Monday, October 14, 2013
Afrofuturism: speculative fictions and stories of the future
The Last Angel of History – John Akomfrah & The Black Audio Film Collective – GB, 1995, courtesy de l’artiste
In the presence of Kantuta Quiros (curator)
John Akomfrah & The Black Audio Film Collective – The Last Angel of History (GB, 1995, 45min, VOSTF)
They say that History repeats itself.
But History is only his story
You haven’t heard my story yet
My story is different from his story
My story is not part of History
Because History repeats itself
but my story is endless
And never repeat itself (…)
I’m more part of the Mystery
Wich is my story
“Prototheorized as early as the 1950s-70s by musicians such as Sun Ra and George Clinton, and since the 1990s by theorists (Kodwo Eshun, Greg Tate, Mark Dery) and science-fiction writers (Samuel R. Delaney, Octavia Butler), Afrofuturism has been revived in exhibitions such as the Studio Museum of Harlem’s recent The Shadow Took Shook. Delaney, Octavia Butler), Afrofuturism has been revived in exhibitions such as, recently, at the Studio Museum of Harlem, The Shadow Took Shape (2013-2014) or at Arnolfini, Superpower: Africa in Science Fiction (2012), revived by the emergence of a cinematic corpus of African Sci-fi and artists’ work.
Throughout modern history, Africa, as “geoesthetic fiction”, has been constructed by colonial discourses as anhistorical. Today, while it continues to be regularly thought of as allochronic, it remains the object of chronopolitical projections. Afrofuturism as a philosophy of history is not so much interested in reversing this archetype (reconstructing an archaeology of the past and a history for Africa and its diaspora) as it is in deliberately choosing the future as the site for historical action. Looking back at the history of Afrofuturism, the film The Last Angel of History (1995) by London-based Black Audio Film Collective and filmmaker John Akomfrah proposes a mythology of the future, creating links between black culture, music, exile and the African conquest of space, and prospective history. This cinematic essay posits spatial and temporal utopia and science fiction both as alternatives for Africans and the diaspora, and as metaphors for the “Afropolitan” experience of forced displacement, migration and cultural alienation.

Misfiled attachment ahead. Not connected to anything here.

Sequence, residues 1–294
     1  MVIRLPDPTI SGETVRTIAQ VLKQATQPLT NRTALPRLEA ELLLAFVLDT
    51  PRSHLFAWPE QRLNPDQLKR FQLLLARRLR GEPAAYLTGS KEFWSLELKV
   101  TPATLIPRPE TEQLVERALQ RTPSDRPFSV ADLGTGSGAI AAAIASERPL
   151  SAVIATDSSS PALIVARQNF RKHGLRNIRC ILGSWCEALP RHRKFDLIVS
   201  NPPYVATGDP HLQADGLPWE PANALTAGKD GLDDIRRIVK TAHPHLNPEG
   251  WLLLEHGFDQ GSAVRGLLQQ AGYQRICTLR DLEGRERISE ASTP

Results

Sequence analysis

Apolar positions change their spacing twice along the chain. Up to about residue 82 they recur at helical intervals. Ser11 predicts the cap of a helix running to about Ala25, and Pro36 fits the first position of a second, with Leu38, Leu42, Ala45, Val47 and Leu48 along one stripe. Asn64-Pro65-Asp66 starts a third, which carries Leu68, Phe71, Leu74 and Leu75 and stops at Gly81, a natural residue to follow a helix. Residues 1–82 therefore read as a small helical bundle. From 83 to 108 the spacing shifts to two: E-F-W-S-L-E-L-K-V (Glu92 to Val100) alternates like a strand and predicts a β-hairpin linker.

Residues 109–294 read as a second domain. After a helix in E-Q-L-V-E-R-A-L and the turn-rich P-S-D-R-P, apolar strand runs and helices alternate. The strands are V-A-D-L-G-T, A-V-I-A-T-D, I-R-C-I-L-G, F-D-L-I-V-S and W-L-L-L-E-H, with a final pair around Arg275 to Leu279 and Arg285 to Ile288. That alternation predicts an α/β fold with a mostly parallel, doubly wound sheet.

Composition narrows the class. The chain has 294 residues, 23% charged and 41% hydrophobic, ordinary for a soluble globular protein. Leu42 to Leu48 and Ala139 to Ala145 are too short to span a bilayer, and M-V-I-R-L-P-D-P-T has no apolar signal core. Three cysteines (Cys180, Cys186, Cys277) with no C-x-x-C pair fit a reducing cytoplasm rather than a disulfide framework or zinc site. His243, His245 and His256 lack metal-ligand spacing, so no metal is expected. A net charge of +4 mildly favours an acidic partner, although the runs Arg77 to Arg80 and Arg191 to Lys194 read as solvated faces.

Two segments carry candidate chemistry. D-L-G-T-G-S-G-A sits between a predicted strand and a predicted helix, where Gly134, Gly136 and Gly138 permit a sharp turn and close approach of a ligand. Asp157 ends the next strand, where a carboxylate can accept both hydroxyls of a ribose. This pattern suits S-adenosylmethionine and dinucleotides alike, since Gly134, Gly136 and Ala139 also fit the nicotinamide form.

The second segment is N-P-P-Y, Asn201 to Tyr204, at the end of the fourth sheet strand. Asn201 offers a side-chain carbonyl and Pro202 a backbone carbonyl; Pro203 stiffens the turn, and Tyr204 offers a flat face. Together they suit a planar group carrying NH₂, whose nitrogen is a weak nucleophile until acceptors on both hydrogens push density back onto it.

As Kodwo Eshun reminds us, “by creating temporal complications and anachronistic episodes that disrupt the linear time of progress, these futurisms adjust the temporal logics that condemn black subjects to prehistory. Chronopolitically speaking, these revisionist historicities can be understood as a series of powerful competing futures that infiltrate the present at different levels.” Kantuta Quiros and Alyosha Imhoff
Carte blanche to Aliocha Imhoff & Kantuta Quiros, as part of the Mille ans d’histoire non-linéaire event, the Cinématographe’s Contrechamp sessions and the L’artiste en historien seminar, proposed by Kantuta Quiros at the Ecole Supérieure des Beaux-Arts de Nantes Métropole, at the invitation of Emmanuelle Chérel.